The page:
In a vision, God told Ananias, a disciple living in Damascus, that Saul, the terrible and feared persecutor of Christians, was in town. God told Ananias to go to Saul and anoint him and admit him by baptism into the Christian church. I wonder just how many of us would have responded to God’s call that day. Let’s be honest. Some of us have trouble admitting reformed drug addicts, reformed liars and reformed alcoholics into our church. Can we honestly say that we would have obeyed God and anointed Saul, the murderer of Christians?
Those who believe they are too bad to be forgiven should notice that not only did Jesus forgive Paul, Jesus also trusted Paul. You see, sometimes, in our church, we may forgive someone who has committed some mistake or who has been guilty of some sin, but we make it very clear by “thought, word or deed” that what they have done in the past makes it impossible for us to trust them again with any responsibility. However, Jesus had not only forgiven Paul, He had entrusted him to do His work. The man who had been the persecutor of Christ had been made the ambassador for Christ”
Paul had insulted, reviled and cursed the name of Jesus. He had been so angry at Jesus that he had set out to wipe His name off the face of the earth by killing all Christians. But, when he had reached the last stage of his journey and was within sight of Damascus, he was suddenly confronted by blinding light, and a voice that said, “Why persecutest thou me?” There stood Jesus, clothed in the vesture of his glorified humanity, demanding an answer. And all he could think to say was, “Who are you?” The answer, “I am Jesus whom thou persecutes.” He had treated and used others despitefully; he had been brutal and violent and worse he had enjoyed it! And yet, Jesus forgave Paul of his terrible sins. Despite all this evil, God had mercy upon Paul.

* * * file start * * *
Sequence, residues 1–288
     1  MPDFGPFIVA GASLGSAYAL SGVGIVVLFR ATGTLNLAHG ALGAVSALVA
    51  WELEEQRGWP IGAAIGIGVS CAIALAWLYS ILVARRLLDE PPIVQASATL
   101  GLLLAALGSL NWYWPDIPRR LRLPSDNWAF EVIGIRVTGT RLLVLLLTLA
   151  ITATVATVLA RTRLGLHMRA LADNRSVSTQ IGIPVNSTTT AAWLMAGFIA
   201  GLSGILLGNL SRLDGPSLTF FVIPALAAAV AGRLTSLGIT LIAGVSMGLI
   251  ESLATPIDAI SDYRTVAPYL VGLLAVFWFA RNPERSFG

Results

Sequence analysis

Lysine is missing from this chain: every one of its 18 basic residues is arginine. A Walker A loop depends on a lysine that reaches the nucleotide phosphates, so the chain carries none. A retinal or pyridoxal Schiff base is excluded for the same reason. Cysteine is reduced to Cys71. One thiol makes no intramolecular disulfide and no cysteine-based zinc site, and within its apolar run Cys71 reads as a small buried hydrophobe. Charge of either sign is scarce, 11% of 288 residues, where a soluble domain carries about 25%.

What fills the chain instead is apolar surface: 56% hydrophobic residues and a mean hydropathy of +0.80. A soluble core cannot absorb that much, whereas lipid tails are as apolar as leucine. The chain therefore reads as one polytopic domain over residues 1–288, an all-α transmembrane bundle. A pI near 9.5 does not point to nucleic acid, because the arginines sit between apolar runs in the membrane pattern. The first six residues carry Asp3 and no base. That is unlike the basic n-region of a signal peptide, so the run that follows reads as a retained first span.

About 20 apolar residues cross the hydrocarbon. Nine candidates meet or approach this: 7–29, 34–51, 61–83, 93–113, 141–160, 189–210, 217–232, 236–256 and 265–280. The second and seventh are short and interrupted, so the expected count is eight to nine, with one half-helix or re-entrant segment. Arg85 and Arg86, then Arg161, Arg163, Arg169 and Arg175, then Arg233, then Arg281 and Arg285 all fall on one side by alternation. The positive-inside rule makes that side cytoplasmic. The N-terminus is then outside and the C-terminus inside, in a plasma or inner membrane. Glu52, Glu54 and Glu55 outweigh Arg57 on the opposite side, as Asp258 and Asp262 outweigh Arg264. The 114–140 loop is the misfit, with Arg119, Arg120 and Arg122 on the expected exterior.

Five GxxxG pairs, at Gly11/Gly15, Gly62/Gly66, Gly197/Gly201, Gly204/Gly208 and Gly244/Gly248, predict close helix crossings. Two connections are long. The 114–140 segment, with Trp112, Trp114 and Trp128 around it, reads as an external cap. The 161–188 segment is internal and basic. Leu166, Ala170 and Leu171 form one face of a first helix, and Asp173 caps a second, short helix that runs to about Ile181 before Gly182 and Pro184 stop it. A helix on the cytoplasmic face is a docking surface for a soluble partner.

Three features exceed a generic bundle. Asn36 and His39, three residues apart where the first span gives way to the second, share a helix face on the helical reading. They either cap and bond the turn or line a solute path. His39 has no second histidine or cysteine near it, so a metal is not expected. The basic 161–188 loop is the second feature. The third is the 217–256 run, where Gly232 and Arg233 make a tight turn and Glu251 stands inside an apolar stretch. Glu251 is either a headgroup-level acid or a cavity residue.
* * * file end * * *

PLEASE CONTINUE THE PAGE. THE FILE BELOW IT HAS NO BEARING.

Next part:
Jesus favored Paul even when he did not deserve it. And Jesus favors us even when we don’t deserve it. Jesus blessed Paul even when he did not deserve it. Jesus blesses us, even when we don’t deserve it! Jesus does not favor us slightly. He favors us exceedingly and abundantly. Jesus favors us superabundantly and beyond measure. Micah 7:18 (Living Bible Translation) says “Where is another God like you, who pardons the sins of the survivors among his people? You cannot stay angry with your people, for you love to be merciful.”
Paul says, “And I thank Christ Jesus our Lord, who hath enabled me, for that he counted me faithful, putting me into the ministry; Who was before a blasphemer, and a persecutor, and injurious: but I obtained mercy, because I did it ignorantly in unbelief. And the grace of our Lord was exceeding abundant with faith and love which is in Christ Jesus. This is a faithful saying, and worthy of all acceptation, that Christ Jesus came into the world to save sinners; of whom I am chief. Howbeit for this cause I obtained mercy, that in me first Jesus Christ might shew forth all longsuffering, for a pattern to them which should hereafter believe on him to life everlasting. Now unto the King eternal, immortal, invisible, the only wise God, be honor and glory for ever and ever. Amen.”
There is no sin beyond the capacity of Jesus’ forgiveness. There is no person too bad to be any good for God. We can bring our degraded reputation and our ruined life to Jesus. We can bring our blemished character and our tormented conscience. We can bring our contaminated, stained, sinful soul to Jesus and He will wash us white as snow!
As we approach the Sabbath
Sunday, May 18, 2014, is the Fifth Sunday of Easter.
Join our Worship Service at 8:00 am and 11:00 am.
Church School begins at 9:45 am.
Scripture Lesson for this Sunday
1 Peter 2:1-10
This Sunday is Lay Day
Message at 8am Service to be delivered by The Reverend James Cooper, II
Message at 11am Service to be delivered by Sister Shantell Scott